"I think so. I just wanted to ask. Did you know…when you dropped me and everyone off, did you know what you were going to do? That you were going to leave Rose in the parallel world and have to wipe Donna's – mind?" He couldn't be that angry about that, it occurred to Jack. It would be too hypocritical. How many minds had he essentially wiped with the RetCon?

The Doctor gave him a strange sideways look, and then just nodded. "Yes, I knew." There was another long silence as Jack waited for more, but none came.

"I didn't know you were going off on your own," he said, finally. The Doctor looked at him, but at least this time Jack recognized his eyes.

"Don't I always, in the end?"

He sounded so – unhappy. Jack frowned. "How long has it been? For you?"

"Eight months," the Doctor said, simply.

"You've been alone for eight months?"

"I've been alone for a lot longer than that," the Doctor said, strangely, and Jack looked at him and frowned. It was still there. Something had changed, something very bad had happened, and it was worse than just losing Donna and Rose. Something that had left his friend apparently on the verge of cracking.

"I'm going to die soon," the Doctor said abruptly. Jack stared at him.


"It's a prophecy. 'He will knock four times.' And then I die." The Doctor laughed, a small, strange, shuddery sound. "I don't know when. Just soon. The Ood said it too. I thought after…but no, I guess not." He took a deep breath, and asked, "Jack, do you know who Adelaide Brooke is?"

It was a complete non-sequitur, but with the Doctor Jack was used to those. "Yeah, she was the leader of the first team to colonize Mars. Bowie Base One, right?"

The Doctor smiled strangely, and asked, "Where and how did she die, do you remember?"

Jack shrugged, not quite following, but sure that this was somehow important. "Earth, right? She killed herself."

"Not always," said the Doctor, his voice even more quiet, and Jack frowned at him, but no more was forthcoming.

"Doctor," he said, deciding that it was time to ask. "What happened?"

"Terrible things," said the Doctor, and he turned his head and smiled, again that strange and hollow expression that Jack did not like at all. "The Time Lord Victorious."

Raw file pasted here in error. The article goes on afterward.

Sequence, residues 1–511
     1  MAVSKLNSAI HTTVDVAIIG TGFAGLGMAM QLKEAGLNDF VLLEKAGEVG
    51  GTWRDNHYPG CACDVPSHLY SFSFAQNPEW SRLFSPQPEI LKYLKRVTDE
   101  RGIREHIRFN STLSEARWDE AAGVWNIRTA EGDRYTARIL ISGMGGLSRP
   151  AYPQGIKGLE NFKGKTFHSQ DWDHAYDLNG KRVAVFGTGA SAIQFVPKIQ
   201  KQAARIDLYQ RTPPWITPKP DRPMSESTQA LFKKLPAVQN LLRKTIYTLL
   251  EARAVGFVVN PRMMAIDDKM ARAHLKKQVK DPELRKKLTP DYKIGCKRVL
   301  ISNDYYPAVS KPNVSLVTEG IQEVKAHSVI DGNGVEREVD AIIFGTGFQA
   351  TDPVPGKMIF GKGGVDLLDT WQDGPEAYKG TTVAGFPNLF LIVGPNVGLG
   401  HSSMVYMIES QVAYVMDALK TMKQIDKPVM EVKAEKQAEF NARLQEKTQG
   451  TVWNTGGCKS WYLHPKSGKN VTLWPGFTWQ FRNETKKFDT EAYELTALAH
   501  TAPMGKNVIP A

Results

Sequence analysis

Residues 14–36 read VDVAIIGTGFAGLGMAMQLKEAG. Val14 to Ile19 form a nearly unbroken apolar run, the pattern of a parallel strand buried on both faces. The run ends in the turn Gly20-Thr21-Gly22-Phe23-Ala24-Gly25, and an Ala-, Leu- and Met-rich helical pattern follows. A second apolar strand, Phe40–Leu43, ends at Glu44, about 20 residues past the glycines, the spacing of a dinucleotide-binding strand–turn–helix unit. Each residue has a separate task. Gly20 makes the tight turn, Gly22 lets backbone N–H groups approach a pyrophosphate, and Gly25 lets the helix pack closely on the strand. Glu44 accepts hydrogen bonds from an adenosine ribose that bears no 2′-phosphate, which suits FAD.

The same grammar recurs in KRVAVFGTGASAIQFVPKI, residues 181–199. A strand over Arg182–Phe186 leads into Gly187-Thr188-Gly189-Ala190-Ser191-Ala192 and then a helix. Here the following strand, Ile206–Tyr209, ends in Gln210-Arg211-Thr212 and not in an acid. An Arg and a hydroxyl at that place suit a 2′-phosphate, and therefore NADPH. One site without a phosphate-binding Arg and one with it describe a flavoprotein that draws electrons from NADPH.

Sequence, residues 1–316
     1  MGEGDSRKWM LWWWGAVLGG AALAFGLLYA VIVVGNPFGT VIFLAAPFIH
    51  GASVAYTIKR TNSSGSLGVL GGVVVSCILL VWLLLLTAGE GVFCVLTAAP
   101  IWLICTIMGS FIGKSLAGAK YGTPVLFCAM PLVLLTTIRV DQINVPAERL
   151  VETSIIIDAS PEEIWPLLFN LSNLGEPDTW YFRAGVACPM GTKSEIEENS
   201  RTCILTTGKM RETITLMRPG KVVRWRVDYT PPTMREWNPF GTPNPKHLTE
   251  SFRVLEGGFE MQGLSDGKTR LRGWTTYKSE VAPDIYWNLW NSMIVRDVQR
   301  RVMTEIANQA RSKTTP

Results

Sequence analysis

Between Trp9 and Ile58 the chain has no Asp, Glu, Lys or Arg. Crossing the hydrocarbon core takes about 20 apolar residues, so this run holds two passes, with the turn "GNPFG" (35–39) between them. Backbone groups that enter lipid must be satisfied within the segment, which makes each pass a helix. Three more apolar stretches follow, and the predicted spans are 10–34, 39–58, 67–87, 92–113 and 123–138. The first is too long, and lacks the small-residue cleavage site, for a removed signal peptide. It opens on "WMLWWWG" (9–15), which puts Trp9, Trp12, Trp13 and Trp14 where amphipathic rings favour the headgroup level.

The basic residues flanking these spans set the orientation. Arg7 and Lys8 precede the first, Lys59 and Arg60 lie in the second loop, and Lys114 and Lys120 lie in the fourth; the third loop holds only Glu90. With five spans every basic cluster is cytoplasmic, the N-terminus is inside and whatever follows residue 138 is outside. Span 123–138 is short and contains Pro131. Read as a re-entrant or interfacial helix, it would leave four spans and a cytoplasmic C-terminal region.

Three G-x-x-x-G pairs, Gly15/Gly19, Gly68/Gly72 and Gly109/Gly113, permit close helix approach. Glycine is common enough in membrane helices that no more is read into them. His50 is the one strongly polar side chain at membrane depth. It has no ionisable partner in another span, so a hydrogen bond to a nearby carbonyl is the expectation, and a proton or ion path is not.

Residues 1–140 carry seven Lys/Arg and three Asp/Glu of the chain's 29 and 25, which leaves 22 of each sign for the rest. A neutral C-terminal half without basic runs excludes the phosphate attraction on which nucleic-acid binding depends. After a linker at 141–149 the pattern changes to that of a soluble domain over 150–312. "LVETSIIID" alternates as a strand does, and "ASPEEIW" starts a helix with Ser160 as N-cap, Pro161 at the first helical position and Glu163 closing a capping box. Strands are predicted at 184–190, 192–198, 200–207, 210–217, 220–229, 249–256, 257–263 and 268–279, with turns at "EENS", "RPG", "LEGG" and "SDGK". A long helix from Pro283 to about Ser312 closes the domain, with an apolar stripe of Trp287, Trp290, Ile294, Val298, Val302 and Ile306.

"What does that mean?" Jack asked. "Is that the Master, or something? Is he somehow back?"

"No," the Doctor said, "Not the Master, Jack. Me."

Jack thinks of the Doctor's face just moments ago, and half turns. "What happened?" He asks, but the Doctor stands with a sigh.

"I should go," he says.

"Why?" Jack asks. "That much of a hurry? Where are you going?"

"I don't know. Anywhere." The Doctor shakes his head, almost smiles. "Nowhere. I shouldn't have come here, Jack."

"Why not?" He demands. "I think this is the best idea you've had in a while. Something went wrong, and I guess it was bad, and you're upset about it. So what's wrong about coming to a friend for help?"

"Nothing, just-"

"Just what, you're in a hurry? You have a time machine. Someone needs to be saved somewhere, you have time. Sit down. Why did you ask about Adelaide Brooke?"

"What – date is it?" The Doctor asked, not answering the question (as usual, as always). Jack rolled his eyes.

"August 24th, 2009. Answer the question."

The Doctor closed his eyes briefly, and shook his head, very slowly. "You should go. Be with your team."

"They're not here right now. It's the middle of the night and you're going to tell me what's going on."

"That's new," the Doctor says, and Jack is almost relieved to hear the wry note in his voice. "You telling me what to do. No, Jack. It – doesn't matter, anyway."

"I think it matters a lot. Matters enough to drag you back to this old planet, you had to have known that I'd want an explanation."

"Explanations," said the Doctor. "Always explanations. Later, maybe. If I see you again. If you want to see me again." He turned back toward the Hub. "I'm sorry, Jack."

For some reason, Jack had a feeling that he was apologizing for more than just not answering the question, and frowned. "Sorry for what? Why did you come here if you're not even going to say anything?"

The Doctor turned and looked over his shoulder. "Just sorry." He smiled, that weird, sad expression that made Jack's stomach turn. "I just needed…I don't know, really. Stupid idea, one of many, I've had a lot of those lately. Gwen, Ianto – don't tell them I was here. Don't need to know, I just wanted to – well, never mind. Shouldn't have come."

"You're not making any sense. Are you all right?" Jack asked, and then sighed, because he knew the answer to that question, and it was no answer at all. The Time Lord barely paused as he walked back to the front door.

"I'm always all right," he said, and it was such a lie, such an obvious lie, that it wasn't even funny.

There were any number of things Jack Harkness could have done. He could have gone after the Doctor, asked again. Could have hit him over the head with something and kept him there for a few days until he talked about whatever was wrong, for his own good, or at least until Jack was sure there wasn't another Master walking around the universe. Could at least follow him and say goodbye.

He stayed until he was sure the TARDIS would be gone, and then went back inside the Hub. He shuffled a few papers half-heartedly, glanced at a few screens. Went down to the basement. It was empty.

The Doctor was gone again.